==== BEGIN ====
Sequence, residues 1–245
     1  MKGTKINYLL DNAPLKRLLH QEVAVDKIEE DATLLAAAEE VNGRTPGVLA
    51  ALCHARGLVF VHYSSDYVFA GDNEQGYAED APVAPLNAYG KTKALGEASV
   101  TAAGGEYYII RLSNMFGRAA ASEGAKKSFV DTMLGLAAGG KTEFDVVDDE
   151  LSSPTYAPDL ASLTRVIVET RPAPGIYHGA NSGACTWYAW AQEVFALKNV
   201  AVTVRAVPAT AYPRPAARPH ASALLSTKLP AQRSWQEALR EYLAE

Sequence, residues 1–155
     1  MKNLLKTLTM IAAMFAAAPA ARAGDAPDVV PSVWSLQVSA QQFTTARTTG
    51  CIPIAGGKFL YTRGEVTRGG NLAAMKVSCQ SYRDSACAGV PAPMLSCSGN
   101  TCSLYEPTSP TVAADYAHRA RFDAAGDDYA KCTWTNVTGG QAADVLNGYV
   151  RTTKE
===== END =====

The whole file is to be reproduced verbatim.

Sequence, residues 1–245
     1  MKGTKINYLL DNAPLKRLLH QEVAVDKIEE DATLLAAAEE VNGRTPGVLA
    51  ALCHARGLVF VHYSSDYVFA GDNEQGYAED APVAPLNAYG KTKALGEASV
   101  TAAGGEYYII RLSNMFGRAA ASEGAKKSFV DTMLGLAAGG KTEFDVVDDE
   151  LSSPTYAPDL ASLTRVIVET RPAPGIYHGA NSGACTWYAW AQEVFALKNV
   201  AVTVRAVPAT AYPRPAARPH ASALLSTKLP AQRSWQEALR EYLAE

Sequence, residues 1–155
     1  MKNLLKTLTM IAAMFAAAPA ARAGDAPDVV PSVWSLQVSA QQFTTARTTG
    51  CIPIAGGKFL YTRGEVTRGG NLAAMKVSCQ SYRDSACAGV PAPMLSCSGN
   101  TCSLYEPTSP TVAADYAHRA RFDAAGDDYA KCTWTNVTGG QAADVLNGYV
   151  RTTKE